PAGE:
Esdras (Greek: Εσδρας) is a Greco-Latin variation of the name of the scribe Ezra. It is found in the titles of several books, associated with the scribe, that are in or related to the Bible.

Differences in names

The books associated with the scribe Ezra are titled differently in different versions of the Bible. The following table summarizes the various names:

# Most English versions[1] Latin Vulgate,
English Douay Rheims
Greek Septuagint Slavonic Versions Alternative Names
1 Ezra 1 Esdras Esdras B (1st half) 1 Esdras
2 Nehemiah 2 Esdras
sometimes Nehemias
Esdras B (2nd half) Nehemiah
3 1 Esdras 3 Esdras Esdras A 2 Esdras
4 2 Esdras (Chapters 3-14) 4 Esdras (Chapters 3-14) not included 3 Esdras Jewish Apocalypse of Ezra
Apocalyptic Esdras
Latin Esdras
5 2 Esdras (Chapters 1-2) 4 Esdras (Chapters 1-2) not included not included 5 Ezra
6 2 Esdras (Chapters 15-16) 4 Esdras (Chapters 15-16) not included not included 6 Ezra

The Thirty-nine Articles follow the naming convention of the Vulgate. Likewise, the Vulgate enumeration is often used by modern scholars, who nevertheless use the name Ezra to avoid confusion with the Greek and Slavonic enumerations: 1 Ezra, 2 Ezra, 3 Ezra, 4 Ezra, 5 Ezra and 6 Ezra.

Historical development

The two books universally considered canonical (line 1 and 2 above) were originally one book titled Ezra or Esdras. In the early middle ages, the Hebrew and Latin bibles began to divide it into two books, which were titled Ezra and Nehemiah in Hebrew and 1 Esdras and 2 Esdras (and sometimes Nehemias) in Latin, respectively. Later on, most English translations[1] followed the Hebrew titles while the Douay Rheims version followed the Vulgate. The Greek canon retained Ezra/Nehemia as a single book and called it Esdras B to distinguish it from Esdras A.

The latter book (line 3 above) does not form part of either the Hebrew or the Latin canon though it was often included in Latin manuscripts and editions of the Bible under the title 3 Esdras. The Douay Rheims version followed this title, while other English versions chose a separate numbering for apocryphical books and called it 1 Esdras (using the Greek form to differentiate the apocryphical book from the canonical Ezra). The Greek bible, which included the book placed it before Esdras B and thefore called it Esdras A.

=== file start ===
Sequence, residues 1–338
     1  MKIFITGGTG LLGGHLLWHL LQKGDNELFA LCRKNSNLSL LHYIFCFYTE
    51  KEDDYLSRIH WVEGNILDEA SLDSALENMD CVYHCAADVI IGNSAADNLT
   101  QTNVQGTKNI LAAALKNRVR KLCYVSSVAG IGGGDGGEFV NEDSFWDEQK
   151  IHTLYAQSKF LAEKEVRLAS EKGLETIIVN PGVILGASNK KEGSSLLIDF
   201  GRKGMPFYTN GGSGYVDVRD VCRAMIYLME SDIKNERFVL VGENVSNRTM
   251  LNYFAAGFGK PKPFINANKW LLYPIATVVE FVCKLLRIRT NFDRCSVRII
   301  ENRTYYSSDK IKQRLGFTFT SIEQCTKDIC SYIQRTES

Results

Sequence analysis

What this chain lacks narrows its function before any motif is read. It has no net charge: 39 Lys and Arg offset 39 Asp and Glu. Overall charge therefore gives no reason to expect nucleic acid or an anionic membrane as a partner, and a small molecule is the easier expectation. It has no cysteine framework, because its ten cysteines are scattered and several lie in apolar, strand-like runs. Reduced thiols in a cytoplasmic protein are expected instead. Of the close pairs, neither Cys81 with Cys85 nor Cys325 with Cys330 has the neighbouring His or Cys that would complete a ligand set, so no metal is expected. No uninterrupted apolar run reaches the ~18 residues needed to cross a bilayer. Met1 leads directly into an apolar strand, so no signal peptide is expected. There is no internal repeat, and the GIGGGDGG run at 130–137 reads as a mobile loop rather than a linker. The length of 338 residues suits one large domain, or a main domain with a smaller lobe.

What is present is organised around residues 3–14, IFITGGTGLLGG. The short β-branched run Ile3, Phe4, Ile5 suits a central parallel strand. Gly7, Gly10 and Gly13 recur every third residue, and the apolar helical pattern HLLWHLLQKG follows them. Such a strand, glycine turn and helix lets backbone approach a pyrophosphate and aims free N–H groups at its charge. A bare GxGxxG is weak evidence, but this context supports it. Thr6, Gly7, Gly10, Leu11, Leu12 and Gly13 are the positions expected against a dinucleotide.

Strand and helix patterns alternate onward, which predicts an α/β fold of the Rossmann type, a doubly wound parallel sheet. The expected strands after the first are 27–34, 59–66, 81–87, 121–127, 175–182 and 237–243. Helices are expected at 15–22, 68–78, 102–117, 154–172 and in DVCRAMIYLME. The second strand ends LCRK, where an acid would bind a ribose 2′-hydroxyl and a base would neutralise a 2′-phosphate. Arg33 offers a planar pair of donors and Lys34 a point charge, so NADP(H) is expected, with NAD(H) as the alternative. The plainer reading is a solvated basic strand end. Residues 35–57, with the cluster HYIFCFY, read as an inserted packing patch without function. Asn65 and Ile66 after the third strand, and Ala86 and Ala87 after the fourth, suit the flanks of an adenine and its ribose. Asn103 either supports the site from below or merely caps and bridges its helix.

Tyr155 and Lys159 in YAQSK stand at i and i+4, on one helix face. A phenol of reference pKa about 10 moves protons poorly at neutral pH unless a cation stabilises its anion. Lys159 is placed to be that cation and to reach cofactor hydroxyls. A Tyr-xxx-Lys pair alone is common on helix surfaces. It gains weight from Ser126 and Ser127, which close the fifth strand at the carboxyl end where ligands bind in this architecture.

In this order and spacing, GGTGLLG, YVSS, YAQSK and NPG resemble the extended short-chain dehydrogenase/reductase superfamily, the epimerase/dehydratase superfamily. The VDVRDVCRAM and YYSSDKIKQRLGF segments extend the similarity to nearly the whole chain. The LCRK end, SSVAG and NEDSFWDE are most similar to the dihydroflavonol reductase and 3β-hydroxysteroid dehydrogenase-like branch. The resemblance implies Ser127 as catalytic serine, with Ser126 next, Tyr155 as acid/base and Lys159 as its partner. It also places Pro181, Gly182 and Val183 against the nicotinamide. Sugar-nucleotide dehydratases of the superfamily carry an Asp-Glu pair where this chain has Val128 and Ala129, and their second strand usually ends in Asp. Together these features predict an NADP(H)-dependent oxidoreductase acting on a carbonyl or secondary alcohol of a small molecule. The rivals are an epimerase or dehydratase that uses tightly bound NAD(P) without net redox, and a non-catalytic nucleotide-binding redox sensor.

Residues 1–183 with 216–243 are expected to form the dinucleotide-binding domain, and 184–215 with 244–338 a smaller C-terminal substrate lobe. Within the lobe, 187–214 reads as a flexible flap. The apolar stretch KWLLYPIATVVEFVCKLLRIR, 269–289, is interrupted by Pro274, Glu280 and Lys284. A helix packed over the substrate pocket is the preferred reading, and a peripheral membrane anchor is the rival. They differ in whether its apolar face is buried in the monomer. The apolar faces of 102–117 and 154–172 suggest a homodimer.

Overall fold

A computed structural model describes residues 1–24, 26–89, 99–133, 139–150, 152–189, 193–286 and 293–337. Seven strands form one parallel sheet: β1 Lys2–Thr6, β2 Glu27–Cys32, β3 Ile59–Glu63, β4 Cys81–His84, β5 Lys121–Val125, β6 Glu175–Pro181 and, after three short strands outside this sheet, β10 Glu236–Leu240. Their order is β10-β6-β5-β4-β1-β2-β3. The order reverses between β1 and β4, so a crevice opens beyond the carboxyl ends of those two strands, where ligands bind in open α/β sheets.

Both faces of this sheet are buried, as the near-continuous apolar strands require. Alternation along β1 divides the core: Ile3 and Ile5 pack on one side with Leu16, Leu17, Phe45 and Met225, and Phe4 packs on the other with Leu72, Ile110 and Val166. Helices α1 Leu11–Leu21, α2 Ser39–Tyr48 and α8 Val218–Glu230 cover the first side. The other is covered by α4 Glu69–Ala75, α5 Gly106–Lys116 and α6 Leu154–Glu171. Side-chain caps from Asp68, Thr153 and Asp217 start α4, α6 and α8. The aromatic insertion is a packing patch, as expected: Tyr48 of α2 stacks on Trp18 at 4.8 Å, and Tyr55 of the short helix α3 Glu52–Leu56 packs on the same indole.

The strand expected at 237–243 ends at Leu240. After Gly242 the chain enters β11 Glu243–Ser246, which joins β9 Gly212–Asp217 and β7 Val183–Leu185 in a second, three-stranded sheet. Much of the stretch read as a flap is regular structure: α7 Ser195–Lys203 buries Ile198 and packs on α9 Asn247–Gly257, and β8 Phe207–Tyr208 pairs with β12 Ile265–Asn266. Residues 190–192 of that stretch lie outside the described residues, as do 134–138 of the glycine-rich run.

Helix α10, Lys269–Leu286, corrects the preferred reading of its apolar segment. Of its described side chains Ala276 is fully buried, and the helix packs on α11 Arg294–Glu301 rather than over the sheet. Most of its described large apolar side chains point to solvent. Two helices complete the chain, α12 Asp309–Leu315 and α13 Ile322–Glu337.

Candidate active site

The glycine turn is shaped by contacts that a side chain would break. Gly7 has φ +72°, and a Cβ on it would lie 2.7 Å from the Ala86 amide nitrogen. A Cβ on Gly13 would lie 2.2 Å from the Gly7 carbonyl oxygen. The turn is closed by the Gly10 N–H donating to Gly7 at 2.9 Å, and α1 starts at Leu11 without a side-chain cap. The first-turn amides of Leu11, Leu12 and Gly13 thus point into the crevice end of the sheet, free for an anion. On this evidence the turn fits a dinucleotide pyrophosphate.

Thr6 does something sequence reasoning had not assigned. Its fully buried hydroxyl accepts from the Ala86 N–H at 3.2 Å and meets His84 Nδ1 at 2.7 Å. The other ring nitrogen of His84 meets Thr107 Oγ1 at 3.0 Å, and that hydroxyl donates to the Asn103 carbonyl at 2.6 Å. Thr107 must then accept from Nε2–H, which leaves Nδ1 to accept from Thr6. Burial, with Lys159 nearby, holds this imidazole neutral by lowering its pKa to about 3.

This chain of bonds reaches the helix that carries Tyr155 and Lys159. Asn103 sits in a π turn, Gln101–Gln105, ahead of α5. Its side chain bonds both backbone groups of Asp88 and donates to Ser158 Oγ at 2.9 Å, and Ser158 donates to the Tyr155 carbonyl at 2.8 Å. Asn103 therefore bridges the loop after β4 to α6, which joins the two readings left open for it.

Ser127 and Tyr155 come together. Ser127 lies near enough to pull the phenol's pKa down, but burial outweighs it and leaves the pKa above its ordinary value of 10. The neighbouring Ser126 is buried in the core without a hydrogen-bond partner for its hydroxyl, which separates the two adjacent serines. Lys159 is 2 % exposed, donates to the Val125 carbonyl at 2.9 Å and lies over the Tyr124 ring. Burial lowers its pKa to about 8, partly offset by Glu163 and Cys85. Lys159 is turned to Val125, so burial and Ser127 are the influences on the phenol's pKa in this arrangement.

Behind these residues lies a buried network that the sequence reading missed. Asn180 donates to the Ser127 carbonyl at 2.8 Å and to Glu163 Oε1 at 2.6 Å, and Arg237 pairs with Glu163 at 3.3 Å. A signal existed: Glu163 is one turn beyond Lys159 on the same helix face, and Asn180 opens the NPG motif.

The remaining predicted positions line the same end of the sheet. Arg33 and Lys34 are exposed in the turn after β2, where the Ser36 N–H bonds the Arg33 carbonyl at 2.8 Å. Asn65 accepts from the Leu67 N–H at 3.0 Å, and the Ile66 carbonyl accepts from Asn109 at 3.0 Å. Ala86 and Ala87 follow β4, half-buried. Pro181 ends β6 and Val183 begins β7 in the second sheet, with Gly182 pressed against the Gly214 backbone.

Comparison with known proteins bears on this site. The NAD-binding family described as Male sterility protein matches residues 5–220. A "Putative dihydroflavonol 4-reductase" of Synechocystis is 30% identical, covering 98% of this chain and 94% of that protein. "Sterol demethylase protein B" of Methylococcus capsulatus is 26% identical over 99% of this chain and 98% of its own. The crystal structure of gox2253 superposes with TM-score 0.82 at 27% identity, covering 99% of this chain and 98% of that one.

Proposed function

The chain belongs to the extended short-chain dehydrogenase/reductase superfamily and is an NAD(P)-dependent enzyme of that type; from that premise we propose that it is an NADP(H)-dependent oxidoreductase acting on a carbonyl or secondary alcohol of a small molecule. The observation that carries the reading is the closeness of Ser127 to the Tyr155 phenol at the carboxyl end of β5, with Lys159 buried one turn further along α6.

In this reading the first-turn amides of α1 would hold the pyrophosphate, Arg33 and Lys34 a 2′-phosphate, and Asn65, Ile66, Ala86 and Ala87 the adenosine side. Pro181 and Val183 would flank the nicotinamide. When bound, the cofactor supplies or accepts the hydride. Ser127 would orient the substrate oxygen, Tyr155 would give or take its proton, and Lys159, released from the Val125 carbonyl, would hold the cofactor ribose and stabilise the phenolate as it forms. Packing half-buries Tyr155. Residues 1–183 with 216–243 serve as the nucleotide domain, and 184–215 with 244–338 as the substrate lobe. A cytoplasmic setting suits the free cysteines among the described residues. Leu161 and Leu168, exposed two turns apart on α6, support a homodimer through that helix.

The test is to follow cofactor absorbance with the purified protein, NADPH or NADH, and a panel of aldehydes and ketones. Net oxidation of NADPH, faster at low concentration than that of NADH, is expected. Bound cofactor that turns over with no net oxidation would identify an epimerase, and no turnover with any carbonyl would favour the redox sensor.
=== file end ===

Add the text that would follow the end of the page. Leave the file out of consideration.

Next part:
Another non-canonical book (line 4 above) is contained in some Latin bibles as 4 Esdras and some Slavonic manuscripts as 3 Esdras. Except for the Douay Rheims version (which follows the Vulgate), most English versions containing this book call it 2 Esdras (again using the Greek form for the apocryphical book). The book is not included in the Greek Septuagint and complete copy of the Greek text has not survived, though it is quoted by the Church fathers.[2] Due to its apocalyptic content, the book also has been called Esdras the Prophet, Apocalyptic Esdras or Jewish Apocalypse of Ezra. Because the most complete extant text is in Latin, the book is also called Latin Esdras.[3]

The Latin version differs from other versions in that it contains additional opening and closing chapters, which are also called 5 Ezra and 6 Ezra by scholars.

Other books associated with Ezra are the Greek Apocalypse of Ezra, the Vision of Ezra, the Questions of Ezra and the Revelation of Ezra.


All Christians and Jews consider Ezra and Nehemiah to be canonical. Jews, Roman Catholics, and Protestants do not generally recognize 1 Esdras and 2 Esdras as being canonical. Eastern Orthodox generally consider 1 Esdras to be canonical, but not 2 Esdras.


  1. 1.0 1.1 Including KJB, RSV, NRSV, NEB, REB, and GNB
  2. Jewish Encyclopedia: Esdras, Books of.
  3. NETBible: Apocalyptic Esdras

External links

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